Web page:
Louisiana Restaurant Tips by keeweechic Top 5 Page for this destination
Louisiana Restaurants: 65 reviews and 56 photos
The Cajun culture centres around cooking and eating. Each ethnic group has retained food traditions, and even within the various groups, traditions vary from area to area, and family to family. The cuisine is quite diverse and often very complex emanating from over 300 years of mixing cultures. The French contributed sauces (sauce piquante, étouffée, stews, bisque), sweets (pralines which was modified French confection with pecans instead of the original walnuts), and breads (French bread, beignets or square doughnuts with powdered sugar, and corasse, fried bread dough eaten with cane syrup). The Spanish contributed the jambalaya (a spicy rice dish like the paella). The Africans added okra which was either barbecue or deep-fat fryed. The Spanish then Okra with added hot spices and in soups. The Germans, who were in Louisiana prior to the Acadians, added their sausages (andouille and boudin) and "Creole" or brown mustard. The influence of the Caribbean came in the form of the bean and rice dishes of red beans and rice and congri (crowder peas and rice). Native Americans donatee filé and a liking for corn bread.
Gumbo which is closely identified with South Louisiana combines African, European and Native American cultures. This dish so closely identified with South Louisiana, melds African, European, and Native American cultures.
Address: New Orleans
Beignets (Ben Yay) - are donuts with corners and no holes, sprinkled with powdered sugar.
Dressed - Sandwiches served with lettuce, tomatoes and mayo.
Gumbo (Gum bow) - Thick soup stock served with rice, duck, chicken, okra, shrimp, crabs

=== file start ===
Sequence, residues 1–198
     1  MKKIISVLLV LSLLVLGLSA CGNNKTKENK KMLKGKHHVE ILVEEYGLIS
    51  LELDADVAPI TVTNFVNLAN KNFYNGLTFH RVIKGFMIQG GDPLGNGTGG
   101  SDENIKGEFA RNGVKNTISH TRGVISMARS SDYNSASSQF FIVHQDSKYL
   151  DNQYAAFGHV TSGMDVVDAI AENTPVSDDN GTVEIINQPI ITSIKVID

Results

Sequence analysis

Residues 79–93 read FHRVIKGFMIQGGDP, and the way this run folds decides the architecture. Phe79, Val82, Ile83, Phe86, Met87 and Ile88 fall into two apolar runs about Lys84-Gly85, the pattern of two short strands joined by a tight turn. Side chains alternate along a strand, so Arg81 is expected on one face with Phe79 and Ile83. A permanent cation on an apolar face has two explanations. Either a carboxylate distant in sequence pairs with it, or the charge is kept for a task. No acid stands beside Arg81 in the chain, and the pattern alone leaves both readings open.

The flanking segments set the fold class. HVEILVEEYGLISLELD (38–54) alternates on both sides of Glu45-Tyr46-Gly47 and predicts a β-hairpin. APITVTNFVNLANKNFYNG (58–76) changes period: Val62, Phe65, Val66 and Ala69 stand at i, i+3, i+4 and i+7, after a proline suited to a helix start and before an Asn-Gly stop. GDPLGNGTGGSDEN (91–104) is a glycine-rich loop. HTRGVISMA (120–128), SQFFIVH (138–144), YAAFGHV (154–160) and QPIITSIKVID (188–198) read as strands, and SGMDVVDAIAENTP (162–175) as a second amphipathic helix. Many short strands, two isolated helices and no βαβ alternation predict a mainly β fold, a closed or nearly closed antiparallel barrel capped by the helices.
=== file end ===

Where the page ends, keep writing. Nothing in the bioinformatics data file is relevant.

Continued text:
Hush Puppy - Fried cornmeal bread ball
Jambalaya (Jum' ba lie ya) - Rice based dish with anything - Poultry, tomatoes and cooked rice, ham, shrimp, chicken, celery, onions & and just about every seasoning.
Grits - Ground hominy grain, served as breakfast
Mudbugs - crawfish from the bayou! ("Crawfish boils" are a big party in New Orleans!)
Plantain (plan' ten) - Vegetable banana side dish--cooked like candied yams, served with meats; sometimes for breakfast (great!)
Po-Boys - French Bread sandwich split open and served with oysters, shrimp, ham, roast beef and gravy, soft shelled crabs
Crawfish - Elsewhere known as crayfish. Locals call them mudbugs. It's an edible, freshwater crustacean, frequently boiled with Creole seasoning, garlic, onions, new potatoes, and citrus.
Red Beans and Rice - Monday night tradition in New Orleans--Kidney beans served with rice, seasonings, spices and chunks of hot sausage.
Sauce Piquant (Sauce pee kont) - Spicy red gravy or sauce
Shrimp Creole - Shrimp dish served with a garlic, onion, bell pepper and tomato sauce
Tasso - Smoked red pepper ham
Pain Perdu (Pan pair do) - French bread served in similar fashion to French toast
Boudin (boo dan) – Hot spicy pork mixed with onions, cooked rice, herbs and stuffed in sausage casing.
Couche couche (koosh koosh) – a Cajun cornmeal cereal usually eaten with milk or syrup.
Crappie (crop ee) – Also called sac-a-lait, a large bream-like food fish.
Dirty Rice – pan fried leftover cooked rice sautéed with green peppers, onion, celery, stock, liver, giblets and many other ingredients.